Boron for New Greener Sodium Batteries
A safer and more reliable alternative to lithium is arguably sodium batteries combined with boron. If inefficiencies can be overcome, they could become a viable alternative to the current lithium-ion batteries. Researchers in Geneva using carbon, boron, and hydrogen – carbo hydridoborate – changes the crystal structure enhancing performance.
History of Lithium-Ion Batteries
The lithium batteries market has been dominated by portable electronics and, recently, by electric vehicles and hybrid power trains. Since the 1990s, powerful rechargeable lithium batteries have become more prevalent in consumer applications like mobile phones, calculators, laptops, digital cameras, and other devices.
Lithium batteries are quickly replacing nickel-metal hydroxide cells. Large advanced lithium batteries are becoming the new power sources in the transportation and stationary power markets. This includes electric vehicle propulsion, standby power, mobile robots for ocean observation, and mission-critical applications. Lithium-ion batteries are not yet used to store renewable energy or grid balance, but research continues to find a solution.
Because of their lightweight, high energy density, and long life expectancy, lithium-hydride, and lithium-ion batteries have gained popularity. However, they have two significant shortcomings. They are highly flammable because of the liquid electrolyte that allows positive ions to flow between the electrodes. It can cause a dangerous reaction with oxygen if it leaks. Lithium supply is the second issue. Supply is unevenly distributed globally and is at the core of many geopolitical issues, just like oil.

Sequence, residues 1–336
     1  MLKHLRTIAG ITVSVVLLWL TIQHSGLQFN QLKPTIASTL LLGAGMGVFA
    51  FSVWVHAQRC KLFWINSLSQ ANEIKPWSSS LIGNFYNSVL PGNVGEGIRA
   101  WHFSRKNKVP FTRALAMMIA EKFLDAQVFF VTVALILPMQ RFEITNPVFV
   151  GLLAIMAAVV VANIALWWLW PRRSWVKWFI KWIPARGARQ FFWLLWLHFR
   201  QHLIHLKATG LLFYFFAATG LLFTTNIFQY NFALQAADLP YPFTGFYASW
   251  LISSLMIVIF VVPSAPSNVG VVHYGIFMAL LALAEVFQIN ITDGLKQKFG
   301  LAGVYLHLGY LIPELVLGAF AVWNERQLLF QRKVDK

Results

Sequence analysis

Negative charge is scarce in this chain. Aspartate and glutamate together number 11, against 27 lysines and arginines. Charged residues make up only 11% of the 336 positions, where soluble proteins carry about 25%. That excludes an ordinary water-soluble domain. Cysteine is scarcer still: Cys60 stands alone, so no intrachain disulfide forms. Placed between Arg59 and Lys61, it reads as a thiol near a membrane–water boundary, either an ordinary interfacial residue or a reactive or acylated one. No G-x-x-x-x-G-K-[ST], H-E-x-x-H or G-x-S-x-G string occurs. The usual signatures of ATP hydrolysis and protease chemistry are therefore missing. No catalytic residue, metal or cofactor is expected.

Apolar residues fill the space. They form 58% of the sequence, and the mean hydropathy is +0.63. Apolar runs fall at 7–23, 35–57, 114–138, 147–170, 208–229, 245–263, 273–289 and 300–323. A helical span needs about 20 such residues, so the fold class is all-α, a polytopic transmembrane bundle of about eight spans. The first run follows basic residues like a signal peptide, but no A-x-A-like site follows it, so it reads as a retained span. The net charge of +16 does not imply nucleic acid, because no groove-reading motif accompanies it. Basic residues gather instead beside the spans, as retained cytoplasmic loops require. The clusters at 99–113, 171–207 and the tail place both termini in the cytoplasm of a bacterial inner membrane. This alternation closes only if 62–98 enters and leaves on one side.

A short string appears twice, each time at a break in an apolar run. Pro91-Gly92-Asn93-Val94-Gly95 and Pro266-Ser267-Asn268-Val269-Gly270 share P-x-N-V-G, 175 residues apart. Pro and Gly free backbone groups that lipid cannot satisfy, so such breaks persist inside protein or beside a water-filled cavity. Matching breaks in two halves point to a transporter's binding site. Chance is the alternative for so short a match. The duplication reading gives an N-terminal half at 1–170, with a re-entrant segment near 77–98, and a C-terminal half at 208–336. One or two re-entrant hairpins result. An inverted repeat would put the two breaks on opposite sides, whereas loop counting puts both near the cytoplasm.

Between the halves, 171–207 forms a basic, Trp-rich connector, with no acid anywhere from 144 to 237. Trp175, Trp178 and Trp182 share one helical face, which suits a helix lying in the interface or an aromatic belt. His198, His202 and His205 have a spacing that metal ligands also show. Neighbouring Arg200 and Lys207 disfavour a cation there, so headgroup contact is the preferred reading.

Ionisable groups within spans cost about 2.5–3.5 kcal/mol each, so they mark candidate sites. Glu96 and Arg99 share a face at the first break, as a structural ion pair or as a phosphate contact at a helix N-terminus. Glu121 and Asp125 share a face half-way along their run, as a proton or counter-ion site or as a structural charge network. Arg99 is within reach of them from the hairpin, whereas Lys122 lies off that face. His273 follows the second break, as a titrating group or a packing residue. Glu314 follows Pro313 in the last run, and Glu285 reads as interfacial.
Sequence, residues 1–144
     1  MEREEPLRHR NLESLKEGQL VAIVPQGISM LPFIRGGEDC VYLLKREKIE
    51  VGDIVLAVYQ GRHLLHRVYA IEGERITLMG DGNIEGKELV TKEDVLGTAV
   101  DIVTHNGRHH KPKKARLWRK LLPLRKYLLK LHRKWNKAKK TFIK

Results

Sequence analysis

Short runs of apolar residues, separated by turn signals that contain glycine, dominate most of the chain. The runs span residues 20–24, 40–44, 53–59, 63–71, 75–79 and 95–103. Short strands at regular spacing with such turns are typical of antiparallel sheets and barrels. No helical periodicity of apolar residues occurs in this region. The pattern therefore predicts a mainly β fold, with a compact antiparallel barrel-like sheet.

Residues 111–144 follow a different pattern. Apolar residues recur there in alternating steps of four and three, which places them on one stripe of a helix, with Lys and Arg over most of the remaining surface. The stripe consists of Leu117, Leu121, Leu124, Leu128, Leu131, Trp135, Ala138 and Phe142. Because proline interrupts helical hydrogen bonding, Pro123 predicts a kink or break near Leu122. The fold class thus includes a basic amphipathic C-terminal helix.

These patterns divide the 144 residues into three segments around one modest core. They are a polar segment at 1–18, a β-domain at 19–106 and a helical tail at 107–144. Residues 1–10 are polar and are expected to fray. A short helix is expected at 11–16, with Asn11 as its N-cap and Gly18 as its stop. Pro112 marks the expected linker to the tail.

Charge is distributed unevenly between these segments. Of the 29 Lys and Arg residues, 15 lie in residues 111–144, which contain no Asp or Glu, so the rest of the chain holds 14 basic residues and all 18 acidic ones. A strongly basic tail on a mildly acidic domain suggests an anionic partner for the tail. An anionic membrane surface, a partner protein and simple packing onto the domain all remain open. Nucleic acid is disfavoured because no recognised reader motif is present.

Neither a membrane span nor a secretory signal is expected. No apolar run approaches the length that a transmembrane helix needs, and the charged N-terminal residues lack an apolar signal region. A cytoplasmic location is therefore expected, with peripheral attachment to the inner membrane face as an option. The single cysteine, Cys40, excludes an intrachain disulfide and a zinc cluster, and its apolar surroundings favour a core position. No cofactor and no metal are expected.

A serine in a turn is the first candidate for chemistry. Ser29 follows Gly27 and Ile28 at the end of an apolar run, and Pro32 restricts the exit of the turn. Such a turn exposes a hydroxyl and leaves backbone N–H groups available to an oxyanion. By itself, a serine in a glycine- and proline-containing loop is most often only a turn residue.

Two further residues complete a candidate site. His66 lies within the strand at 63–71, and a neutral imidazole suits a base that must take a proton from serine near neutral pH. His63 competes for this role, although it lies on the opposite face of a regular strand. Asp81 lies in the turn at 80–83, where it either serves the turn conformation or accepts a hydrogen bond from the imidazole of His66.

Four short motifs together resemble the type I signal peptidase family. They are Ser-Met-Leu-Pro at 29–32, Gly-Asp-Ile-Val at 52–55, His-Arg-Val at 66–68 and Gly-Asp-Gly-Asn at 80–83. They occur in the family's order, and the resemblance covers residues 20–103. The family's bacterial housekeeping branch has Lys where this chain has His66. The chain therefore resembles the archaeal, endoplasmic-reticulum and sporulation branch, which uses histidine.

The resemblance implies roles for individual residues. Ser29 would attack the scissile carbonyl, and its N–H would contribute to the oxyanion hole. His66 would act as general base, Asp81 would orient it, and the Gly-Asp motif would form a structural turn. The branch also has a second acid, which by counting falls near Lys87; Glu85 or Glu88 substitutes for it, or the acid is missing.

A sodium battery is potentially a better alternative. It is more affordable than lithium and is plentiful all over the globe. It is also easier to recycle. Its use is still not well developed. This type of battery is made using a different technology than lithium-based. Fabrizio Moria, a researcher at the UNIGE Faculty of Science’s crystallography laboratory, says that the industry is reluctant to try this new technology. But a lot of research has been done on sodium batteries to date.
The Future of Batteries–Sodium Batteries
The future of battery technology, it seems, lies in sodium. It is more sustainable than lithium, which powers most vehicles and devices. Moreover, sodium is also plentiful on the Earth’s surface. However, its ions cannot move in conventional lithium-ion batteries’ liquid electrolyte, making it less efficient than lithium.
The solution lies in the creation of a solid electrolyte. A University of Geneva team has solved this problem by changing the crystal structure of a material made of carbon, boron, and hydrogen (carbo hydridoborate). This research group also determined the optimal pressure that should be applied to the battery to ensure it operates efficiently.
Research on Sodium Batteries with Boron
Several other studies have also been conducted on improving the efficiency of sodium batteries:
Because sodium is heavier than lithium, ions move slower in liquid electrolytes. A solid electrolyte can be created that is non-flammable. The electrolytes of this type, made of carbon, boron, and hydrogen, have not yet achieved the same performance as lithium batteries. Two recent studies at the UNIGE Crystallography Laboratory, led by Professor Radovan Cey, solved this problem.
The first paper, published in ACS Applied Materials & Interfaces (NaCB11H12), led to creating an efficient material: sodium carbo-hydridoborate. Radovan Cerny explains that this material, which is used in nuclear medicine, was not originally conductive. “By changing the structure of its crystals and, more specifically, the spatial arrangement of atoms, it has been made conductive.